Accelerating Android Emulators with HAXM

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This guide explains how to install and configure the Intel Hardware Accelerated Execution Manager (HAXM) to make the Google Android Emulator run faster.


Out of the box, the Google Android Emulators are prohibitively slow, to the point of being near unusable. As such, several technologies are available to significantly speed them up so that they can be used effectively. In general, we support three techniques that you can use to improve Android emulation performance:

  • Xamarin Android Player – Our new Xamarin Android Player runs with hardware-virtualization on your Windows or Mac desktop to give your apps the shortest startup time and best possible performance through hardware-virtualization and hardware-accelerated graphics. This is our recommended way to run Android in a virtualized environment. For information about how to install and configure Xamarin Android Player, see Xamarin Android Player.

  • Intel HAXM Drivers – The Intel Hardware Accelerated Execution Manager (HAXM) Drivers provide hardware acceleration for x86 based Android SDK emulators on Intel VT-enabled sytems. The HAXM drivers, published by Intel, are free to use.

Note: Running HAXM simultaneously with VirtualBox (Xamarin Android Player uses VirtualBox) can cause stability issues. Both can coexist on the same machine, but it is best not to run a HAXM-based emulator at the same time as a VirtualBox emulator.

This guide provides detailed information about how to install and configure the Intel HAXM drivers to make the Google Android Emulator run faster. If you plan to exclusively use the Google emulators, you should install these drivers. However, you are strongly encouraged to use the Xamarin Android Player instead.

Setting Up Your Google Android Emulator with HAXM

  1. Launch Xamarin Studio.

  2. From the Tools menu, choose Open Android SDK Manager:

  3. In the SDK Manager, make sure you have installed the x86 Atom System Image for the desired Android SDK version. If needed, select it and install the package, agreeing to the license as needed. The image will download and install:

    At this point, you can build x86 Android Virtual Device versions by selecting the appropriate CPU/ABI choice when creating the device, but they will not be accelerated. If you have any Android Virtual Devices running, close them before continuing.

  4. From the Intel website, download the latest HAXM virtualization engine. If you are running Mac OS X 10.9 Mavericks or Windows 8.1, you will want the appropriate hotfix version that corrects issues on these systems. While the links appear to have been temporarily removed, they are still accessible directly from the original links: HAXM hotfix for OS X 10.9 and HAXM hotfix for Windows 8.1.

  5. Install the HAXM engine, following along with the dialogs:

  6. If you haven't already created an x86 Android Virtual Device, do so now from the Android Virtual Device Manager (accessible in Xamarin Studio from the Tools menu by selecting Open Android Emulator Manager). Use the following template to create an x86 Android Virtual Device:

  7. After you have a device defined, in the Virtual Device Manager, select it and click Start. Adjust any launch options and launch it. After several seconds, your accelerated Android Virtual Device will be running.

  8. From Xamarin Studio, deploy your project and pick your new x86 emulator device as the target:

  9. If you are using Xamarin Studio with Configuration: Debug selected, the ABIs list will be greyed out as shown below and all options (including x86) will automatically be supported. If you are testing a Release configuration, ensure that the x86 checkbox under Options > Build > Android Build > Advanced is ticked.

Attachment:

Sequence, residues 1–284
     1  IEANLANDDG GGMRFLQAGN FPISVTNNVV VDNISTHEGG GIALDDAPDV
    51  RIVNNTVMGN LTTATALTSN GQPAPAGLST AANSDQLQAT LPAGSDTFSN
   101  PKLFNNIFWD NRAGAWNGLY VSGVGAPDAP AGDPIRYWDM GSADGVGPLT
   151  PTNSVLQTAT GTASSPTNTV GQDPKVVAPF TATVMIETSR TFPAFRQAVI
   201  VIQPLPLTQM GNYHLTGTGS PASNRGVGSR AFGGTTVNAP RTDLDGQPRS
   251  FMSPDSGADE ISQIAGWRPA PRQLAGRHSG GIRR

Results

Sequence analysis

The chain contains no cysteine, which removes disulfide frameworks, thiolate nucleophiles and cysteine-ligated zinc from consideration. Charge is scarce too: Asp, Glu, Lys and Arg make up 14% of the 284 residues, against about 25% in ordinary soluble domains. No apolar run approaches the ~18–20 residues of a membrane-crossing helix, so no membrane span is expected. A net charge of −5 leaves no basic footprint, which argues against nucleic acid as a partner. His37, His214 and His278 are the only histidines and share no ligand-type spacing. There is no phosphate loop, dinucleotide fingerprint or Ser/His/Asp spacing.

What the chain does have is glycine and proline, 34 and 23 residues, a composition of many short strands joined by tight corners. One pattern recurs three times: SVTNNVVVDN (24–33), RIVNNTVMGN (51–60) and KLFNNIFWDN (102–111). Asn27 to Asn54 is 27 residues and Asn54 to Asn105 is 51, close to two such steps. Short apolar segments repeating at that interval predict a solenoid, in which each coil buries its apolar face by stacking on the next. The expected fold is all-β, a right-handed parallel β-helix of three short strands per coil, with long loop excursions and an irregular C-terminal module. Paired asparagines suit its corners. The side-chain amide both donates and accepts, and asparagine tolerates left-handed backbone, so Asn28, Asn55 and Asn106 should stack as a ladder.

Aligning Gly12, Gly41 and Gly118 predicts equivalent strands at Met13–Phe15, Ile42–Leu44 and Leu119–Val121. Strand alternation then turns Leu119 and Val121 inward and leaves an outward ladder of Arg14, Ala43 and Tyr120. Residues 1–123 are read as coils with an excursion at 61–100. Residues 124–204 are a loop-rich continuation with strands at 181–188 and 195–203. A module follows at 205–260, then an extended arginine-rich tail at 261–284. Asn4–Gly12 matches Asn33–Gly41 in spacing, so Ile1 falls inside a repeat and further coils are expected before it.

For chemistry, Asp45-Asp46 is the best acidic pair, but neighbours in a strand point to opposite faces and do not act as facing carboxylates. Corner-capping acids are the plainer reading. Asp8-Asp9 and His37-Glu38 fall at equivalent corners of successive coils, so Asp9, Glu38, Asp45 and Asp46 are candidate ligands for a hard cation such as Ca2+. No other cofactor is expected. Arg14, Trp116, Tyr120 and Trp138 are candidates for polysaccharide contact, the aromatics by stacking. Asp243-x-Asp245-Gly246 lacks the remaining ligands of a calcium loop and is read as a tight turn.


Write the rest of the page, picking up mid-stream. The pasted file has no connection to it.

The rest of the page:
10. If you are using Visual Studio, set the project to support x86 by selecting the x86 checkbox under Project > Properties > Application > Supported Architectures, as shown below:

Now your Android emulator will run much faster! For information about deploying your app to the emulator, see Deploy and Launch an Application.

Using HAXM and Hyper-V

If you are using Microsoft Hyper-V on your Windows computer (for example, you use Hyper-V for Windows Phone development and HAXM for Android development), you will be unable to use HAXM while Hyper-V is enabled. Intel HAXM and Microft Hyper-V cannot both be active at the same time. Unfortunately, there is currently no way to switch between between Hyper-V and HAXM without restarting your computer. However, you can create a multi-boot configuration that allows you to pick which hardware virtualization to use at Windows boot time. When Hyper-V is disabled, HAXM can be used.

Use the following steps to configure your Windows computer so you can selectively enable/disable Hyper-V at Windows start time:

  • Open a command prompt with Administrator privileges and enter the following command:
bcdedit /copy {current} /d "No Hyper-V"
  • Use the GUID returned in the result of the previous command in this command:
bcdedit /set <GUID> hypervisorlaunchtype off

Where <GUID> is the GUID returned from the bcdedit /copy command. To illustrate, here is a screenshot of a command session:

When you restart Windows, you will get a boot prompt that resembles the following screenshot:

Select the No Hyper-V option when you want to use HAXM. Select the other boot option when you want to use Hyper-V.

To remove the No Hyper-V option from the boot menu, use the bcdedit /delete <GUID> command. For example, the following command removes the No Hyper-V boot option created in the previous example:

bcdedit /delete {38f50265-1f62-11e4-802e-cee935cd4cce}


This guide explained how to improve Android emulation by installing and configuring the Intel Hardware Accelerated Execution Manager (HAXM) to make the Google Android Emulator run faster.